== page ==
A self-starting all-fiber passively mode-locked Tm3+-doped fiber laser based on nonlinear loop mirror (NOLM) is demonstrated. Stable soliton pulses centered at 2017.33 nm with 1.56 nm FWHM were produced at a repetition rate of 1.514 MHz with pulse duration of 2.8 ps and pulse energy of 83.8 pJ. As increased pump power, the oscillator can also operate at noise-like (NL) regime. Stable NL pulses with coherence spike width of 341 fs and pulse energy of up to 249.32 nJ was achieved at a center wavelength of 2017.24 nm with 21.33 nm FWHM. To the best of our knowledge, this is the first 2 µm region NOLM-based mode-locked fiber laser operating at two regimes with the highest single pulse energy for NL pulses.
© 2014 Optical Society of America
Pulsed Tm3+-doped fiber (TDF) lasers operating at 2 µm eye-safe spectral region have attracted substantial attention because of their potential applications in metrology, remote sensing, free-space communication, time-resolved molecular spectroscopy, and mid-IR supercontinuum generation. A number of passively mode-locked TDF lasers have been already reported [1–16]. They can be roughly divided independently of the operation wavelength into two major categories depending on the mode-locking mechanism. The first group can be defined as material saturable absorber (SA) based laser, in which the real absorbing media, e.g., semiconductor saturable absorber mirror (SESAM), single-wall carbon nanotube saturable absorber (SWCNTSA) and graphene, are employed to initiate and shape the pulses. The second is referred as nonlinear switching based laser, in which the transmission or reflectivity property is dependent on the nonlinear phase shift induced by nonlinear polarization evolution (NPE), nonlinear amplifying loop mirror (NALM) or nonlinear optical loop mirror (NOLM), all exhibiting the capability of pulse self-shaping that is equivalent to a real saturable absorber (SA).
For the first category, a variety of laser schemes have been demonstrated [1–9]. Wang et al. reported an SESAM-based mode-locked fiber laser operating in the anomalous dispersion regime at 1980 nm with pulse duration of 1.5 ps and energy of 0.76 nJ . Then, they extended the wavelength beyond 2 µm while narrowed the duration to 140 fs via extra-cavity compression . Solodyankin et al. reported the first mode-locked ring cavity TDF laser at 1.93 µm by employing an SWCNTSA, which produced 1.32 ps soliton pulses with 3.4 mW average power . Recently, a mode-locked TDF laser using an SWCNTSA with a large net normal dispersion was demonstrated which operated in both dissipative soliton and noise-like operation regimes around 1.947 µm with a pulse width and energy of 47 ps and 0.45 nJ for the former and over 100 ps and 1.27 nJ for the latter . Liu et al. demonstrated the first mode-locked TDF laser operating at 2.007 µm with 0.56 nJ pulse energy employing a graphene oxide . A different graphene-based mode-locked TDF laser- operating at 1.94 µm in a large anomalous dispersion regime with pulse duration of 3.6 ps and energy of 0.4 nJ was also reported . Recently, Fu et al. have reported a passively mode-locked Tm-Ho-codoped fiber laser based on graphene operating with the highest reported pulse energy of up to 35 nJ at 1896.69 nm, however, the peak power was very low due to its long pulse width of over 100 ns .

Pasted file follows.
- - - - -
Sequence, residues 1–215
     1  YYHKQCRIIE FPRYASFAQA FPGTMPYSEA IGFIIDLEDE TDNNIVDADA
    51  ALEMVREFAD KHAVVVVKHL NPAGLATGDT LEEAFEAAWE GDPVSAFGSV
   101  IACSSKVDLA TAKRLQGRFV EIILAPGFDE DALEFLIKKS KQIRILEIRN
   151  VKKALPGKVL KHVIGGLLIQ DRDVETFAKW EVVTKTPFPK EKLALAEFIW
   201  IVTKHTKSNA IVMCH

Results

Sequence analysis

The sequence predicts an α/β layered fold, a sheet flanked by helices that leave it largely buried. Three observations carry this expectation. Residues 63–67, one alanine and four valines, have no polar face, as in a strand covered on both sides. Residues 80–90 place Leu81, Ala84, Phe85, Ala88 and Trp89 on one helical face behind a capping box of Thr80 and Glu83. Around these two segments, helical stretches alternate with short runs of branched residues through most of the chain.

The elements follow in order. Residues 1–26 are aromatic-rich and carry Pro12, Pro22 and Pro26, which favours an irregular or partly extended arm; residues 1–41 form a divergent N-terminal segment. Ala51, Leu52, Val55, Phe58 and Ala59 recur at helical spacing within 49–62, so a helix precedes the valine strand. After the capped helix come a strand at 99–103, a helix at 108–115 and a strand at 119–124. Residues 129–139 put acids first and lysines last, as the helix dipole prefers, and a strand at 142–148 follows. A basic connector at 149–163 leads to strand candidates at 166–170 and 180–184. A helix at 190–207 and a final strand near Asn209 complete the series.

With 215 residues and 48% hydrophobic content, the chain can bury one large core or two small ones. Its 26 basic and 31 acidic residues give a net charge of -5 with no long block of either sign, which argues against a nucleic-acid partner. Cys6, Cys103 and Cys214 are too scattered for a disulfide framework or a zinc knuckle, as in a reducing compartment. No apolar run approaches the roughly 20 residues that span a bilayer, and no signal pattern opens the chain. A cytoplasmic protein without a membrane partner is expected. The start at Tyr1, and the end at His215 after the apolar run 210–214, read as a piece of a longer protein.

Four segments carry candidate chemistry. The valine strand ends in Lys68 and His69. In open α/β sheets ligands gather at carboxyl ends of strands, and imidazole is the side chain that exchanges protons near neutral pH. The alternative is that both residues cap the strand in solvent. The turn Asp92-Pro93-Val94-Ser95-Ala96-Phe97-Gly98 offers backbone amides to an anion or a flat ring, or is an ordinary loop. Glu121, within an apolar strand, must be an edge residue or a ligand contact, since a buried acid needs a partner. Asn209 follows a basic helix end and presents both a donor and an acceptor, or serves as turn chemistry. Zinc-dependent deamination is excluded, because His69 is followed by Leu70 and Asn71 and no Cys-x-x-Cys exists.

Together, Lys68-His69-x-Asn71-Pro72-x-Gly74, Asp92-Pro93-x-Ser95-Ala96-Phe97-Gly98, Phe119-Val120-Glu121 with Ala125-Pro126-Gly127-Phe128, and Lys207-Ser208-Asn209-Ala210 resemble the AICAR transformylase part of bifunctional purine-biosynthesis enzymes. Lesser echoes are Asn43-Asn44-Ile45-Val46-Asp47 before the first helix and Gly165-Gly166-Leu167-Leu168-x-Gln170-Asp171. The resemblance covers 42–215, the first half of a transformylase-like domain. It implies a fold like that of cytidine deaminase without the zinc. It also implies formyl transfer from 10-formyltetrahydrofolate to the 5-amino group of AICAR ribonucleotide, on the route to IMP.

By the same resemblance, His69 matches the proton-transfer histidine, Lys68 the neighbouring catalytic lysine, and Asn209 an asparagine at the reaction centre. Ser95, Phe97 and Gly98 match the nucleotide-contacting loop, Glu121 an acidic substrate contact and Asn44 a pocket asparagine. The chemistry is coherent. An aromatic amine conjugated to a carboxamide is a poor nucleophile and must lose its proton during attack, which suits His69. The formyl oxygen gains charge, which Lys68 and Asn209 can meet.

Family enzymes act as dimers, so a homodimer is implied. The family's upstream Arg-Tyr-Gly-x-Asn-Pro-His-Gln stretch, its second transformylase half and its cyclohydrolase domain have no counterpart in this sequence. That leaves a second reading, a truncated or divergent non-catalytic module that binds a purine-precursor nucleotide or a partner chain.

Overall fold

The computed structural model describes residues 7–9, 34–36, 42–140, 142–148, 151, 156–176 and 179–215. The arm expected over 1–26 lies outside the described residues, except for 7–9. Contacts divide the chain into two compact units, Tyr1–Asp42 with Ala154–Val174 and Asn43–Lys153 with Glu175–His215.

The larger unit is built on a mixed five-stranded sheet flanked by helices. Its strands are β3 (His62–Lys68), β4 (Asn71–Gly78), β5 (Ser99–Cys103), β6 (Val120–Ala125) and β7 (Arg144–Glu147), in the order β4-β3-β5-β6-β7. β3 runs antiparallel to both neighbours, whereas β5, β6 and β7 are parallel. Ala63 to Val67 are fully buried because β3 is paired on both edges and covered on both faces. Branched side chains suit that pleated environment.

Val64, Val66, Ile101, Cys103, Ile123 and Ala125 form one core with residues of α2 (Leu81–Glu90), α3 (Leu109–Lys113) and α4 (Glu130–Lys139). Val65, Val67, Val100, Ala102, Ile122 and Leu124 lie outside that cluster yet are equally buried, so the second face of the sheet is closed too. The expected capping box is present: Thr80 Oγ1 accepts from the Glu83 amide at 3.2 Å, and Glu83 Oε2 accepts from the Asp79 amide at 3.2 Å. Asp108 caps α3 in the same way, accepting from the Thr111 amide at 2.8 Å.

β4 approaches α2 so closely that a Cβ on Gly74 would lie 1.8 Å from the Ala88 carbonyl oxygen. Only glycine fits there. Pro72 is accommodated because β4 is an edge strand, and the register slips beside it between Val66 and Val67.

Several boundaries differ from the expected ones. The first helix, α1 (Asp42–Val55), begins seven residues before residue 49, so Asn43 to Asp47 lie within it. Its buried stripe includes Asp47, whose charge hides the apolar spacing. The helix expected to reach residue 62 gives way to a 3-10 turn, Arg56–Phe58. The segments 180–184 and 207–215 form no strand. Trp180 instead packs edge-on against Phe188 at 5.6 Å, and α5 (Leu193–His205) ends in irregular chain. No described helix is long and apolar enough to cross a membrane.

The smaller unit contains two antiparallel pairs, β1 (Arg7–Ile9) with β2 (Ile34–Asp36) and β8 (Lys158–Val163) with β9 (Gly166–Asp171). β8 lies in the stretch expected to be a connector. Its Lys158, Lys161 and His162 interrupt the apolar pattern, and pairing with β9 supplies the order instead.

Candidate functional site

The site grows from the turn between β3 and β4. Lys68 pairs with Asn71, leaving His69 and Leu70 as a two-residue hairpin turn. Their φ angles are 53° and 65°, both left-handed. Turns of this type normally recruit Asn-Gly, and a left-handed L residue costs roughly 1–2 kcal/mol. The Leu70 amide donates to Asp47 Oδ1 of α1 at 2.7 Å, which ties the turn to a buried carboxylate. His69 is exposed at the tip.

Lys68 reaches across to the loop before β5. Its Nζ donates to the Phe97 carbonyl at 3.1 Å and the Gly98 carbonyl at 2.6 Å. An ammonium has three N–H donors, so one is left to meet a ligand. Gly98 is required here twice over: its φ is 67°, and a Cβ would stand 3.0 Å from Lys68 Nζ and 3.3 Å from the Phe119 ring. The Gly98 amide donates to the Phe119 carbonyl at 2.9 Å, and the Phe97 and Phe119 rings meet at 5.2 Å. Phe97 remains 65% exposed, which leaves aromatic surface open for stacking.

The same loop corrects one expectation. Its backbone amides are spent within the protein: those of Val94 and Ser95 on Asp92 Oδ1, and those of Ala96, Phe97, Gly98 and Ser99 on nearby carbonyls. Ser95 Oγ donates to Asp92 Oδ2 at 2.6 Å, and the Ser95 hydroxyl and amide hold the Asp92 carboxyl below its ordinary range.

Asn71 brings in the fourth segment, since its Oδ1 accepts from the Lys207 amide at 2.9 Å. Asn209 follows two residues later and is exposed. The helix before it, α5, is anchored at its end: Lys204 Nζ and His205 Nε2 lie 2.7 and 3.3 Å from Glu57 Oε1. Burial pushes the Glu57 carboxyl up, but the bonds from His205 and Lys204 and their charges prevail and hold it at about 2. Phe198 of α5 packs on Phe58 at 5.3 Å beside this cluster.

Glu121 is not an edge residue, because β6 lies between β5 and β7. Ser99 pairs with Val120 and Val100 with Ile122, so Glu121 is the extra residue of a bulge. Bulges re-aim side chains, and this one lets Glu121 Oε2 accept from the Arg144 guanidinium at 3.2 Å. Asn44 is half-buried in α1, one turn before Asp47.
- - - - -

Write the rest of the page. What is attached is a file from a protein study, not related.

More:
For the second category, Nelson et al. presented the first mode-locked TDF laser operating in the soliton regime based on NPE . Recently, Wang et al have reported a 1.97 µm all-fiber mode-locked TDF laser with NPE which can operate at both soliton and noise-like pulse (NLP) regimes . He et al. have reported an NPE based all-fiber mode-locked TDF laser operating at NLP regimes with a spectrum width of 60 nm and pulse energy of 17 nJ . Chernysheva et al. have combined NALM and SWCNT to realize a hybrid mode-locked TDF laser with a pulse width of 450 fs and a maximum average power of 18 mW, and also demonstrated the different operation regimes by dispersion management . Then, they combined NALM and SESAM to realize a mode-locked TDF laser with a pulse width of sub-300 fs and a maximum power of 108 mW . Recently, they combined NPR and SWCNT to realize hybrid mode-locked pulses with 600 fs and 1.28 ps duration, respectively . Rudy et al. have reported an NALM-based “figure-of-eight” mode-locked TDF laser with a pulse width of 685 fs and pulse energy of 8.75 nJ using some C band fiber components . Furthermore, by improving the setup with new 2 µm components, they have recently demonstrated the first “figure-of-eight” mode-locked double-clad TDF laser with an NALM, which operated at solitary regime with a pulse width of 1.5 ps and pulse energy of 63 pJ. However, its slope efficiency was only 0.2% due to high loss in the cavity .
In this paper, we report the demonstration of a 2.0-μm all-fiber mode-locked double-clad TDF laser with the NOLM structure and large net anomalous dispersion which can operate at both solitary and NLP regimes. 2.8 ps soliton pulses with pulse energy of 83.8 pJ and SNR of ~62 dB, and 341 fs noisy double-scale pulses with pulse energy of 249 nJ and SNR of ~60 dB were achieved, respectively.
2. Experiment setup and results